One way to do that? Simple. 5 fouls and you're out. If you want to be on the floor for your team, for your contract, for your new mortgage, you'll learn to defend without using your hands or you'll average about 15 mins a game because of foul trouble.

Absolutely 100% true. Its the reverse of Chuck Daly's philosophy, and its completely over-due. That is not and never was basketball. And this physical/ thuggery version of defense that many teams still play today has contributed to the demise of the "team game".

And after being preached to that Dallas' quick backcourt was the wave of the future, I can't figure if Wade was just that much quicker than the Mavericks' backcourt? And if not, why did the Mavericks play away from their alledged strength? Bad coaching? Falling back into old habits? Identity crisis? Why didn't they move their feet better? Its not like they were playing back-to-backs, so they can't use fatigue as an excuse.

Speed kills. But I expected Dallas' overall team speed to overmatch Wade + a team of relatively slow players.

And frankly, Miami - even with Wade's greatness - still played more like a team than Dallas. Miami has plenty of fading stars who spent their prime years as their team's #1 option. Yet they were all willing, to a man, to accept their role on a team. And yet they all made important contributions during The Finals.

Roy Munson
06-21-2006, 12:11 PM
And frankly, Miami - even with Wade's greatness - still played more like a team than Dallas.

How? By obediantly getting out of the way when D. Wade got the ball.




Seriously, I don't think the refs decided the series.

You and about two other people in America.

That's a nice empty platitude, which in this case, doesn't apply.

naptownmenace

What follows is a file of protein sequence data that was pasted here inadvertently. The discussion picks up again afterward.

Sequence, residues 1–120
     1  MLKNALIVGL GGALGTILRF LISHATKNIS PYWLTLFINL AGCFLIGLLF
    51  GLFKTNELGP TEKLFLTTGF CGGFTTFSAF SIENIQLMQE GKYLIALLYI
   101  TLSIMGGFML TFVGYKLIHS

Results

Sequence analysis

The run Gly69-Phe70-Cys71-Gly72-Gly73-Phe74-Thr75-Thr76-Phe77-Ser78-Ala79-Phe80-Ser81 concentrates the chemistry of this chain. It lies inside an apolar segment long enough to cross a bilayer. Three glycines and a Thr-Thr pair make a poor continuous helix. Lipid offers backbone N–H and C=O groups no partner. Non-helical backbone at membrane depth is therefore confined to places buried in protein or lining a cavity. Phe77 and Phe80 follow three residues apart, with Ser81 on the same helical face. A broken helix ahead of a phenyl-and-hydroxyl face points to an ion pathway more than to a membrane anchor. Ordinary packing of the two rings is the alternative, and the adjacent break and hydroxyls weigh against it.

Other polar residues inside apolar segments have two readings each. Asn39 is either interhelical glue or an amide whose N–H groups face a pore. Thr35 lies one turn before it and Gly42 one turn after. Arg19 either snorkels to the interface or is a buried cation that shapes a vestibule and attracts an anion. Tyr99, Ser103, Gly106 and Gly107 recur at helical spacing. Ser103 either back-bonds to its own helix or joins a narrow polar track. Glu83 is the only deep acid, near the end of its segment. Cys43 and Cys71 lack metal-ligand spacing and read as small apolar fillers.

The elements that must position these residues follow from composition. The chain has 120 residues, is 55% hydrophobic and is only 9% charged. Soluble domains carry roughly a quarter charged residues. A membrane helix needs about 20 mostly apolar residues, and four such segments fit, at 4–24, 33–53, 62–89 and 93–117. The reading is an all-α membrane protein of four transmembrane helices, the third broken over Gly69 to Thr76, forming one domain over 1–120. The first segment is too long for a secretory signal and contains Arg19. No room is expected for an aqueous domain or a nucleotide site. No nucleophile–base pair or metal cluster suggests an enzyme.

06-21-2006, 12:56 PM
How? By obediantly getting out of the way when D. Wade got the ball.

You have to admit that if it wasn't for Haslem, Walker, Posey, Mourning, and GP the Heat would be facing a game 7 right now. If you remove any one of those players it was a loss. Mourning and Haslem had possibly their best games of the season when it counted most.

The Mavs held Wade to 6 points in the 3rd quarter and Shaq was virtually non-existant. Mourning and Haslem provided the scoring. The Heat won game 6 as a team.


You and about two other people in America.

That's a nice empty platitude, which in this case, doesn't apply.

Well, add me to the list of people that don't think the officials decided the outcome of the game.

Turnovers and poor defensive rebounding is what did Dallas in last night. The refs had little to do with them not taking care of the ball and not boxing out.

ChicagoJ
06-21-2006, 01:13 PM
The refs were trying their damndest to force a Game #7. Miami had the mental toughness to overcome that obstacle. That's all.

Kegboy
06-21-2006, 01:14 PM
The refs were trying their damndest to force a Game #7. Miami had the mental toughness to overcome that obstacle. That's all.

KFC

or is it QFC? KPQ?

:confused:

Shade
06-21-2006, 01:36 PM
The refs were trying their damndest to force a Game #7. Miami had the mental toughness to overcome that obstacle. That's all.

True. But if they hadn't given Wade phantom foul after touch foul all game long, they wouldn't have had to try so hard at the end.

Dallas' problem is that they didn't go after Wade on the other end. Wade is not a strong defender. And he tends to be a turnover machine if you double him.

Roy Munson
06-21-2006, 01:38 PM